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Sandra Fluke 'Strongly Considering' Running For Congress Sandra Fluke 'Strongly Considering' Running For Congress

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Sandra Fluke 'Strongly Considering' Running For Congress

Waxman's retirement creates opportunity for the women's rights activist.

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Georgetown Law student Sandra Fluke is strongly considering a Congressional campaign.(Courtesy of Nancy Pelosi's Office)

Women's rights activist Sandra Fluke is "strongly considering" running for retiring Rep. Henry Waxman's (D-CA) seat, National Journal Hotline has confirmed.

"I'm flattered that I'm being discussed as a potential candidate, especially for Rep. Waxman's seat, considering his incredible legacy," Fluke said Thursday. "A number of folks I respect very deeply have reached out today and encouraged me to run. I am strongly considering running. I'll be making my decision soon."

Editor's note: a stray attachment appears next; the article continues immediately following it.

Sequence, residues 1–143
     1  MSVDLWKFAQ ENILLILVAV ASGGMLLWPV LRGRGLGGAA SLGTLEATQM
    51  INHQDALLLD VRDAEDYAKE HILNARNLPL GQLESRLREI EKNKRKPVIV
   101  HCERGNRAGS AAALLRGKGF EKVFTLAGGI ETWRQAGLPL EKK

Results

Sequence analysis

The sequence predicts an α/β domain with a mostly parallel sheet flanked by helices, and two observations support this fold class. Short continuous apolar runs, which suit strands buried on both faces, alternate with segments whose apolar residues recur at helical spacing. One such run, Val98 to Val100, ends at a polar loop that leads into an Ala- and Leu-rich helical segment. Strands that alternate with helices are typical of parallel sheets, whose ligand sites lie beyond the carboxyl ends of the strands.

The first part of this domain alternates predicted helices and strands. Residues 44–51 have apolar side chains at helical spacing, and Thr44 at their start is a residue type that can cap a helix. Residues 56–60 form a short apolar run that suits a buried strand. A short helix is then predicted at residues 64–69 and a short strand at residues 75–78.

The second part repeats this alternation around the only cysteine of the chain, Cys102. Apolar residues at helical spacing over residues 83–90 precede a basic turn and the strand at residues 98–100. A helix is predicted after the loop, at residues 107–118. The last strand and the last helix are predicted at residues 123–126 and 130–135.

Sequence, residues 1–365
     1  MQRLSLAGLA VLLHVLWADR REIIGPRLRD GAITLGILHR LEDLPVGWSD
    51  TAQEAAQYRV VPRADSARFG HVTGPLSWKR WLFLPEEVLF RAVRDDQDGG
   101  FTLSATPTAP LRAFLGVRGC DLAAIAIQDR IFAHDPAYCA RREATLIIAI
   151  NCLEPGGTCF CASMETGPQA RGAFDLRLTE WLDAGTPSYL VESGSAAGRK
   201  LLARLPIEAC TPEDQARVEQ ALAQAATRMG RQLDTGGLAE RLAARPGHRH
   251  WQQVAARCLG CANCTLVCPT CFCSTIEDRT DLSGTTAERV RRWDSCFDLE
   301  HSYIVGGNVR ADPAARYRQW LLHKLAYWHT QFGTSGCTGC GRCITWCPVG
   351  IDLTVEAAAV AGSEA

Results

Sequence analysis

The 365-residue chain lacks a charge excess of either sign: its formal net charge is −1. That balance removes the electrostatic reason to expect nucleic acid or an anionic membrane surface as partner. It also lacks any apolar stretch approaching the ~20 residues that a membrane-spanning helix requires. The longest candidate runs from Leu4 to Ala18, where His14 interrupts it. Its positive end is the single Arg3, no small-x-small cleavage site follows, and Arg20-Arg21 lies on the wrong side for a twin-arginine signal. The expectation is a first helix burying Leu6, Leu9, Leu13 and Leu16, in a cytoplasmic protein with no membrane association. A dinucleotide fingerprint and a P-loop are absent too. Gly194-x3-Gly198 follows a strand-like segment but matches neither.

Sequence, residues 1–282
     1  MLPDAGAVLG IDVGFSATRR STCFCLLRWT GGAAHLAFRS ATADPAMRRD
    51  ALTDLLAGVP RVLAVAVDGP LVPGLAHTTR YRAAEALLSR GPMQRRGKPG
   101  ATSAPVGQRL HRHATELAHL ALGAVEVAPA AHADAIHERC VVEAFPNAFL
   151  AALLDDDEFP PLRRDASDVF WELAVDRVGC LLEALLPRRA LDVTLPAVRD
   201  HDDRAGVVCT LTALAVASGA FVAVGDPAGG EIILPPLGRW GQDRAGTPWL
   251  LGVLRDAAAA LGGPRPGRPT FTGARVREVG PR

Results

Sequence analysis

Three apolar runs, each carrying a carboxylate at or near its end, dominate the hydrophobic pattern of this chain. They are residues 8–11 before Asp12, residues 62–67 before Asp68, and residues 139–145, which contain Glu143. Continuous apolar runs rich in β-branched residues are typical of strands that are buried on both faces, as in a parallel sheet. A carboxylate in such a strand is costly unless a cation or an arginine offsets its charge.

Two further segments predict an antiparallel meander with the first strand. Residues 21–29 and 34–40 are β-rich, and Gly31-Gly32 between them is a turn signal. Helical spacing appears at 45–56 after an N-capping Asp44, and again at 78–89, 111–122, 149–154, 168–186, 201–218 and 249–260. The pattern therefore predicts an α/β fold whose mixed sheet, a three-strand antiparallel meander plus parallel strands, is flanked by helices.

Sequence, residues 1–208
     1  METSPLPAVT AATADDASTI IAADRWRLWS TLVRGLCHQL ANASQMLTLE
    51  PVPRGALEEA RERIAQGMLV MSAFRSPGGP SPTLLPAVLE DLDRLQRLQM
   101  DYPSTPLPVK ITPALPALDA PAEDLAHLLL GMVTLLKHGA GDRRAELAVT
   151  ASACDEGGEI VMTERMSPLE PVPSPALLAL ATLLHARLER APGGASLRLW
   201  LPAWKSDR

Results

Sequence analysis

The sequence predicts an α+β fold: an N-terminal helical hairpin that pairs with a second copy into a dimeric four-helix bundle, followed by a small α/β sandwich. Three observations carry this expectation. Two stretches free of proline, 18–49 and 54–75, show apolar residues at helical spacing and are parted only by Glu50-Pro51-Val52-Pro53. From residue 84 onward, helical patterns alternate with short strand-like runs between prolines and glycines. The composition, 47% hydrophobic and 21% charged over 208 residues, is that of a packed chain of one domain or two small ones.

KPCC, a southern California NPR affiliate station, first reported Fluke was interested in running for the state's 33rd congressional district seat.

Fluke rose to national prominence in February 2012 after she was not allowed to testify before a congressional committee on birth control policies. She eventually spoke before a Democratic House panel, prompting conservative talk show host Rush Limbaugh to call her a "slut" and a "prostitute." Democrats quickly rallied around Fluke, and she went on to campaign for Obama and speak at the 2012 Democratic National Convention.

Waxman announced Thursday he would not seek re-election this fall after serving in Congress for 20 terms.

 

His district, which covers parts of Los Angeles, Beverly Hills and Santa Monica, is solidly Democratic: President Obama carried it with 61% of the vote in the 2012 election.

But Waxman, due to California's 'jungle primary' system and a well-funded opponent, experienced the closest race of his congressional career in 2012, defeating independent Bill Bloomfield 54 percent to 46 percent in the general election.

California's 2014 statewide primaries will take place June 3.

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